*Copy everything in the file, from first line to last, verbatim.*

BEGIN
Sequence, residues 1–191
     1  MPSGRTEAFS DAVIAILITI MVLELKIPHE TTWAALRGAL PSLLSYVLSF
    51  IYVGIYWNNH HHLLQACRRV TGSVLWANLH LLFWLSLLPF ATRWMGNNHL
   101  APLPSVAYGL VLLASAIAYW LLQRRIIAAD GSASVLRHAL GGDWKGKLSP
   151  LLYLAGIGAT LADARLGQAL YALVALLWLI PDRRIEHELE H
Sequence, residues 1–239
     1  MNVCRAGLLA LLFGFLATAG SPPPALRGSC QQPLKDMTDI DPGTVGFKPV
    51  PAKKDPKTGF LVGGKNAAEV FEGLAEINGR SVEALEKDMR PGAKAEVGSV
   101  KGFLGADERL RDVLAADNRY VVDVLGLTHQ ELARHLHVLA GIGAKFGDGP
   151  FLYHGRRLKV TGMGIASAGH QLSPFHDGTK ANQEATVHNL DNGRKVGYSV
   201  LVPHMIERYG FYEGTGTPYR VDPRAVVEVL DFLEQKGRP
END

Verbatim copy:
Sequence, residues 1–191
     1  MPSGRTEAFS DAVIAILITI MVLELKIPHE TTWAALRGAL PSLLSYVLSF
    51  IYVGIYWNNH HHLLQACRRV TGSVLWANLH LLFWLSLLPF ATRWMGNNHL
   101  APLPSVAYGL VLLASAIAYW LLQRRIIAAD GSASVLRHAL GGDWKGKLSP
   151  LLYLAGIGAT LADARLGQAL YALVALLWLI PDRRIEHELE H
Sequence, residues 1–239
     1  MNVCRAGLLA LLFGFLATAG SPPPALRGSC QQPLKDMTDI DPGTVGFKPV
    51  PAKKDPKTGF LVGGKNAAEV FEGLAEINGR SVEALEKDMR PGAKAEVGSV
   101  KGFLGADERL RDVLAADNRY VVDVLGLTHQ ELARHLHVLA GIGAKFGDGP
   151  FLYHGRRLKV TGMGIASAGH QLSPFHDGTK ANQEATVHNL DNGRKVGYSV
   201  LVPHMIERYG FYEGTGTPYR VDPRAVVEVL DFLEQKGRP